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Posted 26 Mar 2001   For week ended March 09, 2001
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Sent on Mormon-News: 12Mar01

By David Stewart

Church Growth Down in 2000

SALT LAKE CITY, UTAH -- Pres. Hinckley challenged us to double baptisms last year, but LDS convert baptisms actually fell to only 275,000 in 2000. While the number of full-time missionaries increased by 35% in the 1990s, we were baptizing more people a decade ago. Since only about 25% of LDS baptisees worldwide remain active long-term (40-50% in North America and 20-25% outside of the US), the real growth of the Church is much less even than these modest statistics convey.

Trends indicate that general receptivity to the message of the restored gospel remains good: LDS missionaries spend an average of 300 proselyting hours for every convert baptism worldwide, compared to an average of over 3400 proselyting hours per convert for the Jehovah's Witnesses. Concerningly, however, the the effort put forth by LDS members in sharing the gospel has continued to decline over the past decade. Only 20% of baptisms in North America come from member referrals today, compared to 42% several years ago (Elder M. Russell Ballard, Conversion and Retention Satellite Broadcast, August 1999). Member-missionary efforts are inconsistent, with the average branch in North America generating only two missionary referrals per month. In fact, population-based studies suggest that the average Latter-day Saint is actually less likely than non-LDS Christians to regularly share his or her faith with others (see ). Additionally, missionaries make fewer contacts today than a decade ago.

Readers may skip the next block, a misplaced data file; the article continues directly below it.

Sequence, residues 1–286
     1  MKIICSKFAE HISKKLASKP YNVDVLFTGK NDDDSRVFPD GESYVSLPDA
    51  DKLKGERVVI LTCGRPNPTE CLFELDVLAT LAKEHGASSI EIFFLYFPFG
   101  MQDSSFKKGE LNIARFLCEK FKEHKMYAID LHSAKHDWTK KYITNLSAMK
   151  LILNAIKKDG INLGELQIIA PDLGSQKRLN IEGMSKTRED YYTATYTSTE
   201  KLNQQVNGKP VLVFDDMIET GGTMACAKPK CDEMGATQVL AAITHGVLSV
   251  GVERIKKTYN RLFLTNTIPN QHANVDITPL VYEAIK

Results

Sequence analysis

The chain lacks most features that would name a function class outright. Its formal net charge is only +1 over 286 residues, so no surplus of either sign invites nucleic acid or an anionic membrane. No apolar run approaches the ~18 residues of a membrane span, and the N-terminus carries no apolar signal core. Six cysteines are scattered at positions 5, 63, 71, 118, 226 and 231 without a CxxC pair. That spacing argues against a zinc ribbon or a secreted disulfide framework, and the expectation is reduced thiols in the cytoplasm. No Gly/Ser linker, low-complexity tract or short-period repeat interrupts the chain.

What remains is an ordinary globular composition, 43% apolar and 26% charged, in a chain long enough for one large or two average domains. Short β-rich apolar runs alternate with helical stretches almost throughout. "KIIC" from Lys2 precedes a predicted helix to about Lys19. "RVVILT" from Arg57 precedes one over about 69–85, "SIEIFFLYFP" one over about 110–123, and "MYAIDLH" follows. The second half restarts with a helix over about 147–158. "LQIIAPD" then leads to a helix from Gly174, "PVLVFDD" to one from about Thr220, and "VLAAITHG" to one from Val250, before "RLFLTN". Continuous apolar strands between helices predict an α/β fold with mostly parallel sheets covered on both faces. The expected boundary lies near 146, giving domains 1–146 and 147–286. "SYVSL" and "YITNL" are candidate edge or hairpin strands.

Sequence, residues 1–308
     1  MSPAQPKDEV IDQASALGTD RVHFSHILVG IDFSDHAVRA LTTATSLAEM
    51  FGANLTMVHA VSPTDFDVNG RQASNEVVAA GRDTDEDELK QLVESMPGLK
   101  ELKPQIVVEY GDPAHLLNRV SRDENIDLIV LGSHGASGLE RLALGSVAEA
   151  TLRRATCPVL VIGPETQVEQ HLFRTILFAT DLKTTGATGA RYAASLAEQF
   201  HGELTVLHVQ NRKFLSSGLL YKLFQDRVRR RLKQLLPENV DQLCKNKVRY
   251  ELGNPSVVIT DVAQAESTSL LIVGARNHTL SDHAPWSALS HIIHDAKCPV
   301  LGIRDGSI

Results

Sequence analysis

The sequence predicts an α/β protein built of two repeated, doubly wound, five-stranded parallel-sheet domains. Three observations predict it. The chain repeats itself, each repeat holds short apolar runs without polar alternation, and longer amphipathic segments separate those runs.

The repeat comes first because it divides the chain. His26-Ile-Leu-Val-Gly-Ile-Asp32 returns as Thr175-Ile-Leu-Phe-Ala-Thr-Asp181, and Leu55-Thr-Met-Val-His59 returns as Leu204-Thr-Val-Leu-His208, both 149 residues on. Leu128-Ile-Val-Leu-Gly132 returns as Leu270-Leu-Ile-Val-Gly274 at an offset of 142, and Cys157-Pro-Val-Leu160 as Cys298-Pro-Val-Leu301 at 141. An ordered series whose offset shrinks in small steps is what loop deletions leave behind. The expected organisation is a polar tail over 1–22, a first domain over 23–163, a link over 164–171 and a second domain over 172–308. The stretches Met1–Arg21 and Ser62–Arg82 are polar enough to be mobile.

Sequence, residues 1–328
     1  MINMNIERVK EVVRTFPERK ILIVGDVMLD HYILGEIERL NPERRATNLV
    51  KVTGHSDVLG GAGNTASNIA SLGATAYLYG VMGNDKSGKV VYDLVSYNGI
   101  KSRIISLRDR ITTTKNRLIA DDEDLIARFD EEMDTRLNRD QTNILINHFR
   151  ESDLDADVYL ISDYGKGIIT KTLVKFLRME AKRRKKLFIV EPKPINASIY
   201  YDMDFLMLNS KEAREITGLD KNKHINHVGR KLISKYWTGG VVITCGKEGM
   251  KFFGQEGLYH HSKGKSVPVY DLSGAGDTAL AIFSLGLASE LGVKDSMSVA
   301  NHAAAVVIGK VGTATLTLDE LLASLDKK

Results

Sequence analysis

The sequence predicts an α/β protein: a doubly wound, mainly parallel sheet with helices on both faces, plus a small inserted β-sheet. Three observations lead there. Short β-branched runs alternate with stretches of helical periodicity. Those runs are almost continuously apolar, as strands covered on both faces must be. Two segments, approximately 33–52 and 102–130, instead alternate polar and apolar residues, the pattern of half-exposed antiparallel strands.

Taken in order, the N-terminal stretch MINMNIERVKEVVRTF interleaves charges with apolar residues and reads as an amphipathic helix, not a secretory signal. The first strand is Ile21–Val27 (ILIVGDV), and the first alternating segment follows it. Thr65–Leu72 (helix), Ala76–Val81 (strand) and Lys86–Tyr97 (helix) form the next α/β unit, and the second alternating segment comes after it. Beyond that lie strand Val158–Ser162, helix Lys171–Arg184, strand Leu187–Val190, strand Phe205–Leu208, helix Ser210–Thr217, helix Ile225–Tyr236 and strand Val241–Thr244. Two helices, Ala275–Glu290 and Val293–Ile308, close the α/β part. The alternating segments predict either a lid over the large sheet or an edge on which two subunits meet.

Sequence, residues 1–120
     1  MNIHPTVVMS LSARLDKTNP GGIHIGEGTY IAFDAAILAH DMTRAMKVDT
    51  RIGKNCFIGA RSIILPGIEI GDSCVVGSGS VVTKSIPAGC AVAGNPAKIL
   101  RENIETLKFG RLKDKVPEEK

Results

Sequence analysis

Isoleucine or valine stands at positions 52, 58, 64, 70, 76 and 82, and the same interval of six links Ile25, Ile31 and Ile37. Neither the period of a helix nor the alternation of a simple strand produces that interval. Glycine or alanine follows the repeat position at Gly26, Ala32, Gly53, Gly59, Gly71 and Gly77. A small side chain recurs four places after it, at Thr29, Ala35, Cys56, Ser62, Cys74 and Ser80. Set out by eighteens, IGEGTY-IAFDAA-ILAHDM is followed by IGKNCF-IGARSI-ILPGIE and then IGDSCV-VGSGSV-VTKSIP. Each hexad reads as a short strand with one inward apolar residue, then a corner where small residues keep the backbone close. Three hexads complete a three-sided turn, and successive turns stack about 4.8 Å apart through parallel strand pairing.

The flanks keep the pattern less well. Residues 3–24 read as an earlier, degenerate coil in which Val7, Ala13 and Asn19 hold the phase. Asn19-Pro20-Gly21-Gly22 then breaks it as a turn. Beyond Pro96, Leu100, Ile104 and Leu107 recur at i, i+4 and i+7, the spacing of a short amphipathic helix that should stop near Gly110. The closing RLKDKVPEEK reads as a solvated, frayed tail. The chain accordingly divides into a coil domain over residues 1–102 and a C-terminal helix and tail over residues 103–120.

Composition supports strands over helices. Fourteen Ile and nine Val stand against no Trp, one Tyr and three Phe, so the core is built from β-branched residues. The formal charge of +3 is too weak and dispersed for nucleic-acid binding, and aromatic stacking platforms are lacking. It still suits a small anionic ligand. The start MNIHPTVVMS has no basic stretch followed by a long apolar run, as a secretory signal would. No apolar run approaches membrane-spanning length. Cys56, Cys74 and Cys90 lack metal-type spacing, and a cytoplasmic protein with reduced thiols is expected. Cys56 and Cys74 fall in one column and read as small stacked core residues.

Among major Christian denominations with active missionary programs, including Latter-day Saints, Seventh-Day Adventists, Southern Baptists, and Jehovah's Witnesses, only Latter-day Saints not only did not experience a substantial increase in conversion rates during the 1990s, but actually experienced a decline in conversions. Paul Harvey reports that 250,000 people a day become Christians. That means that approximately 300 people join other Christian denominations for every individual who becomes a Latter-day Saint.

Are we too complacent about sharing the gospel? Do we view missionary work as a temporary diversion for those with special callings, as "someone else's job," or as a lifetime work? Most importantly, what are we doing personally to regularly share the inspired message of the restored gospel now? Do we regard sharing the gospel as a hard and unpleasant duty, or as a joyful privilege?

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